It’s 20th annual U.S. Information and Communications Technology (ICT) Market Review and Forecast finds that spending grew 5.6 percent to $1.45 trillion in 2015, the Telecommunications Industry Association (TIA) said this week as it convened in Dallas. TIA said the growth was “driven by strong spending in high-growth ‘Pacesetting’ markets.” The increase is ahead of the growth seen in 2014 (5.3 percent); the association predicts “all market segments will see declines in the rate of growth over the next five years.”
The survey looks at U.S. ICT spending based on expected performance of communications technologies, and puts them into four segments:
Pacesetting Markets — those experiencing double-digit growth (includes: cloud computing, business Ethernet services, network virtualization, Internet of Things, intelligent transportation and more).
Turnaround Markets — where spending is changing directions or rapidly accelerating/decelerating (includes: backbone infrastructure equipment, Smartphones, enterprise video conferencing and more).
Steady State Markets — those experiencing single-digit growth with no major swings (includes: cybersecurity, robotics, health ICT, fixed broadband, data center construction and more).
Legacy Technologies and Services — those experiencing long-term declines (includes: circuit-switched landlines, enterprise voice systems, standard wireless handsets and more).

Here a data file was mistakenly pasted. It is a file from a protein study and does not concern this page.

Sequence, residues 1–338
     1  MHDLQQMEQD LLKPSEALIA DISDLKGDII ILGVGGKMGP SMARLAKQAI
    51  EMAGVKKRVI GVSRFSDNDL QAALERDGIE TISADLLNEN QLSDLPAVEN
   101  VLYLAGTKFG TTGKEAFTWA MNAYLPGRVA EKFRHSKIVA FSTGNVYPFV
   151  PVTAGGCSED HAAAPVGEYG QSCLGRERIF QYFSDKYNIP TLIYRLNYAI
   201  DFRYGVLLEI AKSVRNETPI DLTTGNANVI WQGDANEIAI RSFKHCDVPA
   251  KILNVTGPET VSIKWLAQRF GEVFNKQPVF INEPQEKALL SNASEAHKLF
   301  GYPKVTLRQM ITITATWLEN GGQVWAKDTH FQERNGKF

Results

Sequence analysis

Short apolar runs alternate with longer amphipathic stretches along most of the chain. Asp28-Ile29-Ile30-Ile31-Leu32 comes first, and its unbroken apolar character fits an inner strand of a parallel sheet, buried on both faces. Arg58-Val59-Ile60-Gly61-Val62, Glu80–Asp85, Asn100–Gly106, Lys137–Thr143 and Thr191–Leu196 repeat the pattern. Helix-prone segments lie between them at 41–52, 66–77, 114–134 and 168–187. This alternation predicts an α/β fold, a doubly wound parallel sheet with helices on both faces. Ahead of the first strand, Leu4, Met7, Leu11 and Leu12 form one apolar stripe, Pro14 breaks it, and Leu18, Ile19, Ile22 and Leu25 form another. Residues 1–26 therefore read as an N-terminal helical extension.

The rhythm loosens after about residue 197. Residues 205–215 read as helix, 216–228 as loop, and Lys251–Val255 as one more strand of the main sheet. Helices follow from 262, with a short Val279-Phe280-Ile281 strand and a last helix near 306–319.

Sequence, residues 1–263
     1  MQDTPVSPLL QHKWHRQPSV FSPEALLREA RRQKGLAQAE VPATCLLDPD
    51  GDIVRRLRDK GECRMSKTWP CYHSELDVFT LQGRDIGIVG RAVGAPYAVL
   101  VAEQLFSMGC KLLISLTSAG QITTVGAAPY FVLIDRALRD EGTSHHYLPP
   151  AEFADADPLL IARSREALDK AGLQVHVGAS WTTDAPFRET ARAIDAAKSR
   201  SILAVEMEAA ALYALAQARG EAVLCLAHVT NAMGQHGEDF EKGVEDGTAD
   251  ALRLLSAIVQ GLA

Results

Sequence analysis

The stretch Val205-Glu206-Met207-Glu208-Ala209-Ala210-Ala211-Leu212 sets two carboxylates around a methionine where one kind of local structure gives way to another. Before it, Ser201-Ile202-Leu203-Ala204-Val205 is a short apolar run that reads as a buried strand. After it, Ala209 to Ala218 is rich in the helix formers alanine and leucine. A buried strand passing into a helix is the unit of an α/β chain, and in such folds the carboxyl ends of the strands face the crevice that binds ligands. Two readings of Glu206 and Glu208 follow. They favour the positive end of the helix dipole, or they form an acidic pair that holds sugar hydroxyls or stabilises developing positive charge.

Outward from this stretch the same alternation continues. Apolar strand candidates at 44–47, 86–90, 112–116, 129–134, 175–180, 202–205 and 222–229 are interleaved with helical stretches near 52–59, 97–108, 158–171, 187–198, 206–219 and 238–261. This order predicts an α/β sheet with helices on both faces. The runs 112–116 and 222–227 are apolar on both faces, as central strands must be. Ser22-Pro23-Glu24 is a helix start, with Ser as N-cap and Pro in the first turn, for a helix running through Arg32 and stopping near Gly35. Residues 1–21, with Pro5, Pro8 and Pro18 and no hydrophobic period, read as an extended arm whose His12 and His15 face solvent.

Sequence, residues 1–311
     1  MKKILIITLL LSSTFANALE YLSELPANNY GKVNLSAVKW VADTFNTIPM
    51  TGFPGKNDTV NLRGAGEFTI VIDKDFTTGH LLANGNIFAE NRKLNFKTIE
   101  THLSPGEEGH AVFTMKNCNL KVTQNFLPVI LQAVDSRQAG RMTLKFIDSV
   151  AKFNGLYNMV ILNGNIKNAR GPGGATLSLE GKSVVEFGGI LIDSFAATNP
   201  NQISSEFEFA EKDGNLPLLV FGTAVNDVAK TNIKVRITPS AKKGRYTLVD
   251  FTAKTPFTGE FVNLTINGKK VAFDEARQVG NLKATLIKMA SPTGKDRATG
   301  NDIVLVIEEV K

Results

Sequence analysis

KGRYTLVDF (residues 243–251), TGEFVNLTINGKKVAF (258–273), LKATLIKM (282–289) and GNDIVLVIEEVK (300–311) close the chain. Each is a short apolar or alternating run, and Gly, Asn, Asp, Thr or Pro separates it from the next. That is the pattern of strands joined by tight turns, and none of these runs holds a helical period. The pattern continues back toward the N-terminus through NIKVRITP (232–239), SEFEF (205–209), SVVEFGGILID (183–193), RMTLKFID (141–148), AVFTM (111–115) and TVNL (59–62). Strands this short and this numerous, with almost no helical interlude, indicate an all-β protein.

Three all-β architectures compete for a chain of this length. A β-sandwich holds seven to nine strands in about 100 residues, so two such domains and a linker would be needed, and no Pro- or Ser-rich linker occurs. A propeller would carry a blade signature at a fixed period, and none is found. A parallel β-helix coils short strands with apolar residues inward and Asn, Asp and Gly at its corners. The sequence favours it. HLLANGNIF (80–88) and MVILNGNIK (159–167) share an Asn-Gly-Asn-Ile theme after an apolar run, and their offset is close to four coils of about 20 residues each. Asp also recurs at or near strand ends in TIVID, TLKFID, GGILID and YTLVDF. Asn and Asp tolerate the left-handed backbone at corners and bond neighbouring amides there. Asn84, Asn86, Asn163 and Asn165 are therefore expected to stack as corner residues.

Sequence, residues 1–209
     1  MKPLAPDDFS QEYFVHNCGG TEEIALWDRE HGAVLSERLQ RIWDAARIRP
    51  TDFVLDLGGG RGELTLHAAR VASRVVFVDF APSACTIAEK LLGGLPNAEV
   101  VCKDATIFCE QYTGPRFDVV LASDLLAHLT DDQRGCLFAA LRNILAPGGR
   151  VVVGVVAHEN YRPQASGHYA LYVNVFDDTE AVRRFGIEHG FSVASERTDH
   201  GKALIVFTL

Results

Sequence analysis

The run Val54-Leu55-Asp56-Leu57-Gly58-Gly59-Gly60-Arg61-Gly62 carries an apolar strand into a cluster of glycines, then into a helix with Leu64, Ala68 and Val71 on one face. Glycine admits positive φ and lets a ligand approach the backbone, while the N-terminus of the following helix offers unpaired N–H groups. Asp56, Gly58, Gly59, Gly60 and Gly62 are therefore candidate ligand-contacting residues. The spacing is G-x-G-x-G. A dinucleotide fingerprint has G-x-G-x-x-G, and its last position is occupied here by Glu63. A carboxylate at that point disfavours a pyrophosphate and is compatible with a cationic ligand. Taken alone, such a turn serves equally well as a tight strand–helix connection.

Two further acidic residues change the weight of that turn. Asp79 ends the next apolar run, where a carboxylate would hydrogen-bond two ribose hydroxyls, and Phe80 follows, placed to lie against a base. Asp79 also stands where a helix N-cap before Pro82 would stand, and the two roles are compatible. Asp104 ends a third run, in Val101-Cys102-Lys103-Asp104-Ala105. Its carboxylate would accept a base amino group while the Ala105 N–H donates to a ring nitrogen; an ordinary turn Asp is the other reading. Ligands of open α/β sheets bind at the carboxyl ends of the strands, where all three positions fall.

TIA’s survey showed Pacesetting Markets led the way at 19.5 percent year-over-year growth. Turnaround Markets saw 10.6 percent growth and Steady State Markets saw 5.1 percent growth. Over the next five years, U.S. ICT spending is expected to achieve a 4.8 percent compound annual growth rate, and reach a total of $1.8 trillion in 2020 – maintaining its position as one of the leading drivers of the U.S. economy.
“The MR&F underscores that ICT spending is, and will remain, incredibly important to the American economy,” said TIA CEO Scott Belcher. “And while growth will continue almost across the board, it’s clear that the surge in ICT spending over the last decade is moving towards a more modest rate. This change is the result of maturing technologies, in which costs are lowered and companies are better able to target spending. Even as they enter a new stage, however, technologies such as cloud computing and intelligent transportation are expected to drive enormous spending.”